As tax and accounting professionals, we are often amongst the first to know when a client is considering a business purchase.
Generally there has been some research done, but “Where To From Here?” is the key question for most potential business owners.
Helping people through a successful business purchase is one of the most satisfying parts of our role as accountants.
There is a level of excitement about the opportunity, but also usually caution about not wanting to make a financial mistake. This can be particularly important for first-time business owners who have only ever worked as an employee.
Sometimes, to the uninitiated, running a successful business looks easy from the outside looking in. The reality, however, can be very different.
So, amongst the excitement, there needs to be time and money spent on sensible and sober analysis of the opportunity.
The following list of questions is a good starting point for those contemplating a business purchase.
Some of these can be answered by the potential purchaser. Others need the help of professionals such as accountants and/or lawyers.
Key Questions When Approaching A Business Purchase
1. Why is the owner selling? Retiring? Or is the business/industry in decline? Could he/she set up in competition?
2. Why are you considering buying an existing business (instead of starting one from scratch)?
3. How is the business valued? Is it fair or inflated?
4. What exactly will you be purchasing? A business transferred out of an existing tax entity or controlling shares in a
5. What Business Records are immediately available? At minimum should be three years accountant prepared
financials (plus current year to date); last four quarter BAS, income tax returns, asset listing.
6. Are the financial records accurate? Can we get independent verification?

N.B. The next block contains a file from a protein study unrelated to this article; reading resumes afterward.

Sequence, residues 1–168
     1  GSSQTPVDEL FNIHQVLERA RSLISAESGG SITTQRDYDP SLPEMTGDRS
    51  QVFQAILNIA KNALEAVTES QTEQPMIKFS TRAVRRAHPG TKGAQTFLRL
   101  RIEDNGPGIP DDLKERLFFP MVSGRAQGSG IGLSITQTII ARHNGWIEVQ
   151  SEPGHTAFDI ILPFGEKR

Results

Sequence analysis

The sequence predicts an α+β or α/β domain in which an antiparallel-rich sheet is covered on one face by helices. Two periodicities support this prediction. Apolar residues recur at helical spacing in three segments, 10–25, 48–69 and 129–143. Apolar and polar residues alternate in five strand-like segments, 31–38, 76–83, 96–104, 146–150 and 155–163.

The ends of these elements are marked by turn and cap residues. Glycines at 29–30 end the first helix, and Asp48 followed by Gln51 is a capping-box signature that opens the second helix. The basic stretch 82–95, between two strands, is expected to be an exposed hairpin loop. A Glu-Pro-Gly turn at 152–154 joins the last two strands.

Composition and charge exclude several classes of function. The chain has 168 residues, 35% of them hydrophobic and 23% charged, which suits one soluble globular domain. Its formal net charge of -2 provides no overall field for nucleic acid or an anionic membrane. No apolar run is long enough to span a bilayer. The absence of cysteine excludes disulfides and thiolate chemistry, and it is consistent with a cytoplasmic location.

7. Are all the important records you need accessible and accurate?
8. Will You Retain any existing employees?
9. What will the Due Diligence and Handover Period be – with previous owner involved to explain business systems,
key relationships and verify data.
10. Who are the key stakeholders in the business – staff, suppliers, customers – and will you be able to establish
positive relationships with them?
11. Does the business have a business plan and financial forecast?
12. If so, are these plans compatible with your current business plans (if you have an existing business)?
13. Does the business require any special skills, permits or licences?
14. Are the business systems in good order – accounting software, sales systems, record keeping etc?
15. Will lawyers be engaged to prepare and review a Business Sale Agreement?
Usually the first stage, your accountant should get involved with questions 3, 4, 5 & 6. This normally involves contacting the existing business owners accountant with a list of what we require. This obviously requires permission from the existing business owner and sometimes a confidentiality agreement signed.
Covering these issues will give you a first indication of whether this is a business you should consider buying and if the price looks about right.
If the answer is yes, then you start working on HOW the transaction will work – purchase entity, contracts, due diligence, financing, handover period etc.
And never forget that owning a business is not just about making money. It’s about suiting your skill sets and your lifestyle – things that cannot always be measured in dollars and cents.
If you are considering a business purchase and need some advice, contact us on (07) 3359 5344 or at firstname.lastname@example.org